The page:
Prior to the start of the 2002 tournament some pundits questioned whether Germany could survive a group with Cameroon and Ireland. It did, after thrashing Saudi Arabia, 8-0, by tying Ireland (1-1) and beating Cameroon (2-0).

    With three starters suspended the Germans ground out a 1-0 win over Paraguay in the round of 16. To call the game sterile would be an insult to hospitals.

    The United States has also come under criticism at this World Cup -- despite its results and having scored seven goals -- for a reliance on counterattacking play. In beating Portugal and Mexico the U.S. took leads and nursed the advantage.

    These two teams are more similar than either cares to admit. There are skillful players on both squads, but the Germans flair is muted by injuries and the U.S. style is subservient to substance.

    "The one thing you start off is them being aggressive, physical players," says midfielder Claudio Reyna, who played with two German clubs before heading to Britain. "Technically they're pretty good, but their power and strength is probably their plus point.

    "They've had some injuries to Mehmet Scholl and Sebastian Deisler. Some of their real flair players aren't there because of that, but they're always robust, powerful players."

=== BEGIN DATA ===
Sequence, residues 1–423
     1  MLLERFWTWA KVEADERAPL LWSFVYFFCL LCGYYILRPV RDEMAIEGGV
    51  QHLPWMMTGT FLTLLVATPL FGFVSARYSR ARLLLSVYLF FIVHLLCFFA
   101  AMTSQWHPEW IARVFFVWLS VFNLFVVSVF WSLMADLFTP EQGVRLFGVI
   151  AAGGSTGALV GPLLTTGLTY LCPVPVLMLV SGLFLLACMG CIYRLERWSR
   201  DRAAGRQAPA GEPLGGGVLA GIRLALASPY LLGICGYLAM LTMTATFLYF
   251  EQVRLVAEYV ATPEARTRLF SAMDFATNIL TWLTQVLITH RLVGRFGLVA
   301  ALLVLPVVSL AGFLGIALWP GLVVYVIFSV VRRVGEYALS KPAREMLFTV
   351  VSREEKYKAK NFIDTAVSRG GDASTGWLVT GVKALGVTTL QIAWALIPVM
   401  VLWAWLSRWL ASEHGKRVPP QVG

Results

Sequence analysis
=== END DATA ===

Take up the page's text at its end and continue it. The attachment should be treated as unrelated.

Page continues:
A robust, powerful German team blasted the U.S., 4-2 in Rostock three months ago, much as had been the case at the 1998 World Cup when the Germans rolled to a 2-0 win.

    But in between came two U.S. wins by shutout. The U.S. won 3-0 in Jacksonville, Fla. and won again 2-0 at the Confederations Cup in Mexico.

    The results may have changed but perceptions have not.

    "But '98 really hurt us on the world scene and that's how the Germans remember us, as the worst team in the World Cup," says Sanneh.

    "When we beat them twice in '99 they said, 'We're a tournament team' and they are. But when they beat us in March they said they did it with their third team.

    "Well, probably seven of that third team will start in the quarterfinal."

    Not in the Rostock lineup was striker Miroslav Klose, who stung the woeful Saudis with a hat trick and then banged in goals against Ireland and Cameroon.

    As the tournament's leading striker with five goals he's an obvious threat. He's quick, nimble and sharp.

    Not so obvious is his striking partner. Coach Rudi Voeller, a German icon as a player with 47 goals in 90 internationals, can choose the hulking Carsten Jancker or the speedy, tricky Oliver Neuville.

    Neuville tormented the Americans in Rostock and scored the goal that put Germany ahead to stay.